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FIRST-PERSON: A drug addict’s word is not his or her bond

DURHAM, N.C. (BP)–Throughout the twenty-seven years of this ministry there have been thousands of addicted individuals and their loves ones who have cried out for the snake oil that would bring instant cure. To their dismay, we have had to inform them that there was no such miracle potion. At best, for the vast majority of hurting persons, the road to recovery is long and rocky.

The reason so many people hesitate to begin the treatment plans we recommend is that success will demand the payment of too high a price. Giving up the games that brought temporary good feelings will create a void for participants unless they realize from the beginning that the only viable plans have Jesus at the core.

The Jesus Way must replace the self-way, and this involves total surrender, not only to Jesus’ gift of salvation through the cross, but the acceptance of the Savior as Lord of life. This involves a personal commitment and a will to get well.

Soon after arrival at a Christ-centered treatment facility, there will be a flood of telephone calls back to significant others with complaints about the program and those who conduct it. Many are not yet ready to embark on a trip to permanent recovery and they do not make a true commitment to get fully well. They hope for temporary relief from bill collectors, family problems, and the law.

Those who truly love these beginners must turn deaf ears to the tears and complaints and insist that their loved one stay the course. The adjustment to a new lifestyle is bumpy the first few days.

Also, those who care for these hurting individuals must not believe all the promises made after the first days: the cries that “I’m cured already” or “I’ll never do it again; I’m ready to come home.”

A drug addict cannot be trusted. His word is not his bond. He is a prisoner of the drug world ruled over by Satan.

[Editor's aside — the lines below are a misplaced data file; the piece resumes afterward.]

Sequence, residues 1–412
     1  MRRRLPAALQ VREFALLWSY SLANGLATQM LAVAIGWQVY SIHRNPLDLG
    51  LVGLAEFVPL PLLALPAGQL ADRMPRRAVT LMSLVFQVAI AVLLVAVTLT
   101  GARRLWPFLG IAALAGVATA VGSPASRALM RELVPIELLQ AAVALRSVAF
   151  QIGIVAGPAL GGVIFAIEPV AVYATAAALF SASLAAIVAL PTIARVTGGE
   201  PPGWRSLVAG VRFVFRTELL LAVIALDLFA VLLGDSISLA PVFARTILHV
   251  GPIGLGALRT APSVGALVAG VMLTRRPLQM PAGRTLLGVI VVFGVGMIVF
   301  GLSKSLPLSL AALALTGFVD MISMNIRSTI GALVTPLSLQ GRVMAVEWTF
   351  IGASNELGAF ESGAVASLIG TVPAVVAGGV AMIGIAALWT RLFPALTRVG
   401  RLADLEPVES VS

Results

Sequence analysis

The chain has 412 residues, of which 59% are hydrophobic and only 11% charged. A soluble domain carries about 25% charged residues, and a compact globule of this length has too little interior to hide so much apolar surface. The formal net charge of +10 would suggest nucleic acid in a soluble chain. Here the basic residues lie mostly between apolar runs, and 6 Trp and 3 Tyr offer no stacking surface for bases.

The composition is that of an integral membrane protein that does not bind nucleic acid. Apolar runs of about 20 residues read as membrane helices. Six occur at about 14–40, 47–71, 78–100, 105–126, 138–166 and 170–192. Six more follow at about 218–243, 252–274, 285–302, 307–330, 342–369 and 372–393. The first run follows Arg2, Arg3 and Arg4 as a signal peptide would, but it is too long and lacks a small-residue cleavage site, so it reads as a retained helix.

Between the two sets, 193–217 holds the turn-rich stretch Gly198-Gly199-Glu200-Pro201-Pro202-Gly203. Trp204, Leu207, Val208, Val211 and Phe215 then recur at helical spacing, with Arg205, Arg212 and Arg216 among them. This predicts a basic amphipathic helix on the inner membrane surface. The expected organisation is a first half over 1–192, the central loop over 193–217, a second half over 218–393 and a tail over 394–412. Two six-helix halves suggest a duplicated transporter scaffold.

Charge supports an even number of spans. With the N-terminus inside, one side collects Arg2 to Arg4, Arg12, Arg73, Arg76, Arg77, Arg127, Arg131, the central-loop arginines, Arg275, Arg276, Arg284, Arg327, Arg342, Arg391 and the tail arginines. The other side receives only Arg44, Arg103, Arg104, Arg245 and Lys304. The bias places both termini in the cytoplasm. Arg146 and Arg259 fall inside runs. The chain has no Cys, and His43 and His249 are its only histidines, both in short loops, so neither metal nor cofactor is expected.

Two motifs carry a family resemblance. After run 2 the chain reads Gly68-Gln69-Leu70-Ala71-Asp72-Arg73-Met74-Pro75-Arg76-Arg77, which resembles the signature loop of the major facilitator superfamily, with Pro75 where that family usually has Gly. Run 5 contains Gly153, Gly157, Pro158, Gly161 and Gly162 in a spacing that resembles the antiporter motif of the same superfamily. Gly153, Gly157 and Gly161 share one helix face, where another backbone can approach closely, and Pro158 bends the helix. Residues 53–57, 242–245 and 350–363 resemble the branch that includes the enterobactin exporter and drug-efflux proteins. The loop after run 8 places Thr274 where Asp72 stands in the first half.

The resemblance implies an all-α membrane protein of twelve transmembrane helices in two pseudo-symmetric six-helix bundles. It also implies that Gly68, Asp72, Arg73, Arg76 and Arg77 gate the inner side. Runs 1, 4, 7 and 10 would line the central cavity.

Recently a long-term participant in such programs refused to take a drug test just one week before graduation. In a telephone conversation in which he bemoaned the fact that those in charge would not trust him, he announced to us that he was leaving the program at the last moment, rather than take the drug test. We wanted to believe that he was “clean,” but knew better than to deceive ourselves. Trust is something that you earn. And he had not yet earned that trust!

We repeat our belief that tough love does work best. We should never stop loving and encouraging those who hurt, but these individuals are not, in the early days of treatment, capable of making rational decisions or plans. They need Christian leaders and mentors who are devoted to doing what is best for the addict. This will not usually be what makes him “feel good,” but the long term results of such leadership will pay huge dividends.
Ted Stone and Philip Barber are Southern Baptist speakers and writers on the subject of drug abuse. Contact them through Ted Stone Ministries, P.O. Box 1397, Durham, N.C., 27702, or at (919) 477-1581.

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